Unmarked crosswalks are far more difficult to identify. Hopefull this can help clear it up. Any intersection, whether marked or not, contains a crosswalk. Also, any section of the street that connects the lateral lines of opposite sidewalks across an intersection is effectively an unmarked crosswalk in Washington. Drivers are expected to follow the same regulations for unmarked crosswalks that are required for marked crosswalks.
Easily, one of the most confusing areas for both pedestrians and drivers is at an intersection. The following is a useful list of the most important intersection laws every Washingtonian should know:
- The most common examples of intersections are side streets, cross streets, interstate or highway entrances, and roundabouts
- Pedestrians should always wait for the walk signal before crossing any intersection
- Drivers are expected to yield to pedestrians who are already in the intersection
- Any automobile that crosses an intersection without a stop or yield sign should slow down and be ready to stop at a moment’s notice
- Drivers should always be alert for pedestrians using a roundabout
- Whether they be driver or pedestrian, the first person to arrive at an intersection with a stop sign, by law, has the right-of-way
Random Washington Pedestrian Laws
Washington has several laws governing pedestrians that all commuters should at least be aware of. Some of these laws may seem obvious, while others are definitely more off the wall. Read the list below to find out how many you know.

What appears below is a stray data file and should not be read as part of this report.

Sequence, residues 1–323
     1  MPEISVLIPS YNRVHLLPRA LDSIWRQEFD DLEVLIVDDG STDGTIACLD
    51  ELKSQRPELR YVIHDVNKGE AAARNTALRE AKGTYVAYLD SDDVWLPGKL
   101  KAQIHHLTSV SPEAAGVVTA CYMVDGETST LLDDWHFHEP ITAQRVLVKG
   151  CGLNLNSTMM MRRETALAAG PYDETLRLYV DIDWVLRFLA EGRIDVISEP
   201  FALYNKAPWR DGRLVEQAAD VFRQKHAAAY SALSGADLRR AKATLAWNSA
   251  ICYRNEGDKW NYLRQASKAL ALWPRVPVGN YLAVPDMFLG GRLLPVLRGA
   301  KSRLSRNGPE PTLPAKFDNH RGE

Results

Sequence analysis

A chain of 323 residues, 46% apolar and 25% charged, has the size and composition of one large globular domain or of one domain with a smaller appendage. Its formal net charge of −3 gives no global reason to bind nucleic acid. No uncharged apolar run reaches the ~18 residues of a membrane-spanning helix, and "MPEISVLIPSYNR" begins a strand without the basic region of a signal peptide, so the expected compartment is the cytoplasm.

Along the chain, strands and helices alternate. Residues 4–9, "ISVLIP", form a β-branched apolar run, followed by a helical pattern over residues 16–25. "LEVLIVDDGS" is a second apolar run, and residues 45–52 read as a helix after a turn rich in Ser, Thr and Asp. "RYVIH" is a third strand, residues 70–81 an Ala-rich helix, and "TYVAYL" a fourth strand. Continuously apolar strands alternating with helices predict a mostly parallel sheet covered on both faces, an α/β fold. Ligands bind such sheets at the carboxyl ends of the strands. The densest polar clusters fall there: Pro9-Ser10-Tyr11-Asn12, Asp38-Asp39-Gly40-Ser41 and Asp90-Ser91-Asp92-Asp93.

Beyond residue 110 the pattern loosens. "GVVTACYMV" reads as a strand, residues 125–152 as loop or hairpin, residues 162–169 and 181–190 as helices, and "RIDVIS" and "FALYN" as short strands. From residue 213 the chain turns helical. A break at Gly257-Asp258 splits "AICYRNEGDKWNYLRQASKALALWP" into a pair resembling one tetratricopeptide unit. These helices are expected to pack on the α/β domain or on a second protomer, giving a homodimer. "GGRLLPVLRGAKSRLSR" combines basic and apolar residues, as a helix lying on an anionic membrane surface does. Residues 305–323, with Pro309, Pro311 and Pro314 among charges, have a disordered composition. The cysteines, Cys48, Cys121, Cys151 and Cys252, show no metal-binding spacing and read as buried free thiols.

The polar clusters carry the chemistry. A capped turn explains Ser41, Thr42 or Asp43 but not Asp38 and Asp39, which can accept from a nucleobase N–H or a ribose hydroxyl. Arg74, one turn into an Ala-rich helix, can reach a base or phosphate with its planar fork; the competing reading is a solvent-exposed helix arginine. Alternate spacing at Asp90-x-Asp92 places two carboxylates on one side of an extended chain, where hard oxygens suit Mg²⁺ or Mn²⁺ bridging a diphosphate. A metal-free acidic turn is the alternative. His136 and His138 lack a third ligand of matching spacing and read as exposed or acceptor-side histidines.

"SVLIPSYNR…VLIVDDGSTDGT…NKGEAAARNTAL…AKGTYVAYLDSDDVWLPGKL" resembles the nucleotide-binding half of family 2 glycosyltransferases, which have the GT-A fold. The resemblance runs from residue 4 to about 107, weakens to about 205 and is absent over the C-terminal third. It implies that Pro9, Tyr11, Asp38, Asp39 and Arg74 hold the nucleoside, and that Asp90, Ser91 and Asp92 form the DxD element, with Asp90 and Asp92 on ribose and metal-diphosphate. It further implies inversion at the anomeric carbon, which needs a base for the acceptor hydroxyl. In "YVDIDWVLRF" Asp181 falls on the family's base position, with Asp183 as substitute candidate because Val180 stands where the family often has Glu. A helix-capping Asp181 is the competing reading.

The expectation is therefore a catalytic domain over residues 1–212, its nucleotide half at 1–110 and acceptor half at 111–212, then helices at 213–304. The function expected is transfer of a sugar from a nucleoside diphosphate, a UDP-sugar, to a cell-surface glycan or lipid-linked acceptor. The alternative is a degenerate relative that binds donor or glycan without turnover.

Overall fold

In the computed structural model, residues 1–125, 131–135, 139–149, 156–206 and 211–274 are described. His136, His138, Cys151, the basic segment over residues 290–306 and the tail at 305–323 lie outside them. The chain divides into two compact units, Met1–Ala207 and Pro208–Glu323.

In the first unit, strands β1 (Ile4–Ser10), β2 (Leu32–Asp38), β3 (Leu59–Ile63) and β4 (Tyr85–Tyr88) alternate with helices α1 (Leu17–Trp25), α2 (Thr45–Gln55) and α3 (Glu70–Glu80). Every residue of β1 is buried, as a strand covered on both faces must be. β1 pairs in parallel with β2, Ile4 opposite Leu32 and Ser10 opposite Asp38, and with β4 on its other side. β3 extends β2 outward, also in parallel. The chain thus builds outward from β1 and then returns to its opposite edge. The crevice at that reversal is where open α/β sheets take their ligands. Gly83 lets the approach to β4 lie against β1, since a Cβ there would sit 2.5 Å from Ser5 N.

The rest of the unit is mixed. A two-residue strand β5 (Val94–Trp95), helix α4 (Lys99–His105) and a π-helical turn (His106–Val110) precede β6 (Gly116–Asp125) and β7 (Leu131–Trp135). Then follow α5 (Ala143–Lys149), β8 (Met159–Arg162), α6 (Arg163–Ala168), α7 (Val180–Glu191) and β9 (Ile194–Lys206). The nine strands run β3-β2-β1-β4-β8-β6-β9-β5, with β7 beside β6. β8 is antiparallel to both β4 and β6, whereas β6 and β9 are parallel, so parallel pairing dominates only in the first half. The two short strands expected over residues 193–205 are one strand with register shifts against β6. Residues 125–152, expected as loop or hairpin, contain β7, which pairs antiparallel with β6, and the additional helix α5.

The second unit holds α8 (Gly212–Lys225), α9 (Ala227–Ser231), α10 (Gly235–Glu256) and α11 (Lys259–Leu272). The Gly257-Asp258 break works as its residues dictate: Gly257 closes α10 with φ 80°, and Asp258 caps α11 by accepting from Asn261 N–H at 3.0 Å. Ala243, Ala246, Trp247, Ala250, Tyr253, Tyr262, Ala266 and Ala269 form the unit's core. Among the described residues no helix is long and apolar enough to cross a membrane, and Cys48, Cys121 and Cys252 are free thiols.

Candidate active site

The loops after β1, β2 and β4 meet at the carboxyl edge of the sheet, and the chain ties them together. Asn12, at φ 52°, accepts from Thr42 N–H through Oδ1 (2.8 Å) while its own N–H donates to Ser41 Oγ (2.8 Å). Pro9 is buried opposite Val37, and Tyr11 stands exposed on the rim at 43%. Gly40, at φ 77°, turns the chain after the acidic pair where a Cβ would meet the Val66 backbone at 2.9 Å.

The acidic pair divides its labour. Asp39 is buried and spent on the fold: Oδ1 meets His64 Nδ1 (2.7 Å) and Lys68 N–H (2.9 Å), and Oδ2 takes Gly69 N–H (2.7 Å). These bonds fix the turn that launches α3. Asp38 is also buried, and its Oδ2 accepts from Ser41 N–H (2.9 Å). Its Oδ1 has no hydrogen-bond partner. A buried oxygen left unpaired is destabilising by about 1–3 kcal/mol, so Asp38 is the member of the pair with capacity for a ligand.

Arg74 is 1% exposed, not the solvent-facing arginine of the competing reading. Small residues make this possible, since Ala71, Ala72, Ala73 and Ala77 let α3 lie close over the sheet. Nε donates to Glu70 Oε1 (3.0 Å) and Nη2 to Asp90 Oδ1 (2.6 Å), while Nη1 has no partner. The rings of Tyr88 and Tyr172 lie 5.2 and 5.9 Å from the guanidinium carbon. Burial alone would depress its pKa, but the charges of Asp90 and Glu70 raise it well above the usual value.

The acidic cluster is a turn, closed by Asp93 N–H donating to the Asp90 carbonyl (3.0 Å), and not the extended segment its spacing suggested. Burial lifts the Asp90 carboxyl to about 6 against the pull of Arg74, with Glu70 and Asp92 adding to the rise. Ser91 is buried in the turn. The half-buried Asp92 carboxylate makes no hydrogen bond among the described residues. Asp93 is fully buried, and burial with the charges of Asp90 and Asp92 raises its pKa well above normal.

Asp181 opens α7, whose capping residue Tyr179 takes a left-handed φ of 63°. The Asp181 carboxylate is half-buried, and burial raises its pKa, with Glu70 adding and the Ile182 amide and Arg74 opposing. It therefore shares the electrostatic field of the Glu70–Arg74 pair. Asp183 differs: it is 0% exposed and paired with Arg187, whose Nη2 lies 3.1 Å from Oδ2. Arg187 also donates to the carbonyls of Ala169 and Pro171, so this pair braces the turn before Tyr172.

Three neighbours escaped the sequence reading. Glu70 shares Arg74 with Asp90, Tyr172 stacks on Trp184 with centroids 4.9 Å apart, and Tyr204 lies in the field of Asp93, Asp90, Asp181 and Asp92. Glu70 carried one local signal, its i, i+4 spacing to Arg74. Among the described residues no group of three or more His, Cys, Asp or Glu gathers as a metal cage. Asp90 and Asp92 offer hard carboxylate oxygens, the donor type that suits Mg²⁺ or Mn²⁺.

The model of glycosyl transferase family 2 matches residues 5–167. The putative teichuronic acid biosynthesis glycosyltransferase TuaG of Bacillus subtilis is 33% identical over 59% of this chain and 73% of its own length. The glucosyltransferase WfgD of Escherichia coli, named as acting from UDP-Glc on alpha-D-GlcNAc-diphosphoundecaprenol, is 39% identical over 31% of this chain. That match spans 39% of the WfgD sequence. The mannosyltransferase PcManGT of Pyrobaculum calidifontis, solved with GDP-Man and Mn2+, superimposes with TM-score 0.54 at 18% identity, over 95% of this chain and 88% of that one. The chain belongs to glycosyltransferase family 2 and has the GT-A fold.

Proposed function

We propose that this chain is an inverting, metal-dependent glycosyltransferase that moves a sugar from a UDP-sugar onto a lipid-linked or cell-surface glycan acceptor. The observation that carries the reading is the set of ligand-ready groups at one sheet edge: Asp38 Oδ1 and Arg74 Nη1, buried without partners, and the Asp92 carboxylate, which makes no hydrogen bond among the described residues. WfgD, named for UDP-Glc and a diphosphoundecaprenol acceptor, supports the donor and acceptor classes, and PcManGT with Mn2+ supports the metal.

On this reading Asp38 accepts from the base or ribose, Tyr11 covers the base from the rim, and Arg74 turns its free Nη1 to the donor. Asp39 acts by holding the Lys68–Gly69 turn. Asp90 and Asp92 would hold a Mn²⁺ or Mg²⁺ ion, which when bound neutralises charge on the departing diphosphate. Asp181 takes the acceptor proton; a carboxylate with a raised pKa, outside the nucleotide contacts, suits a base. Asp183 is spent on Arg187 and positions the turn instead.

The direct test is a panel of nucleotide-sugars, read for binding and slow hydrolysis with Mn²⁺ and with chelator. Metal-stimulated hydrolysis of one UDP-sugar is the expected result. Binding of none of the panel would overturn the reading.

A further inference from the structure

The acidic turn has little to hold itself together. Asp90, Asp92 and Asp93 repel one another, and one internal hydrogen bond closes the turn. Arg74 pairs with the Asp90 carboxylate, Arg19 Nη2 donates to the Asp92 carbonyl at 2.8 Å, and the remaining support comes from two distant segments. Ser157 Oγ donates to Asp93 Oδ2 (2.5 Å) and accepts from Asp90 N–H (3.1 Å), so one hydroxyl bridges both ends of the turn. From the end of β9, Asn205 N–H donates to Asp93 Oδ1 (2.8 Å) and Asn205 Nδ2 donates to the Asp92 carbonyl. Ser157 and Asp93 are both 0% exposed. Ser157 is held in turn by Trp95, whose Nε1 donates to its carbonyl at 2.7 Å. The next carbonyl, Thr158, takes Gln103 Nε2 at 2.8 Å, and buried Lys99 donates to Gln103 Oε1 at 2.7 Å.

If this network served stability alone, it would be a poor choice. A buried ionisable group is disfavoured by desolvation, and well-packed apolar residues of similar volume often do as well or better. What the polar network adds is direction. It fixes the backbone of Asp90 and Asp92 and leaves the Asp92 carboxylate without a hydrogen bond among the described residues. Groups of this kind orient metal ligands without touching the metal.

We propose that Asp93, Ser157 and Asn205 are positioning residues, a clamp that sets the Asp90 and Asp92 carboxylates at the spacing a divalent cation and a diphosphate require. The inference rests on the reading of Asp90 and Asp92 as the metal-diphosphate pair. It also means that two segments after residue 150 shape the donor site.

Funeral Processions: Contrary to popular belief, Washington pedestrians do not have to yield to funeral processions. There is no law requiring them to yield by any means. So if you’re on foot and in a rush, you have the right-of-way and don’t have to wait for that long line of cars.
Bicyclists and Pedestrians: In Washington, bicyclists are required to give pedestrians the right of way in most every situation. If a bicyclist comes upon a pedestrian on a sidewalk, inside of a crosswalk, or walking in a multi-use lane, they should not only provide the pedestrian with the right of way, they should also give them an audible signal as well, such as a verbal notification or the ring of a bicycle bell.
Spokane Skywalks: In the eastern city of Spokane it is illegal for anyone to sit, kneel, or lie down in the path of a pedestrian skywalk. Any deliquient kneeler caught by the police faces stiff penalties and fines. So if you find yourself with an untied shoelace on a pedestrian skywalk in Spokane, just keep walking until you find a legal place to tie it.
Ask anyone in Seattle to Olympia and they will tell you that Washington police do not like to see pedestrians jaywalking. Police officers who catch you jaywalking have no qualms writing you a ticket for crossing the street beyond a designated crosswalk. Do your bank account a favor and just cross at the intersection like everyone else.
Similarly, any driver who fails to yield to a pedestrian risks hundreds of dollars in fines. For example, in the city of Tacoma right-of-way violations can easily top $200. So when in doubt, just do everyone a favor and yield.
For additional information be sure to check out the Washington Driver Guide. And remember to be safe out there, Washington.
Was this helpful?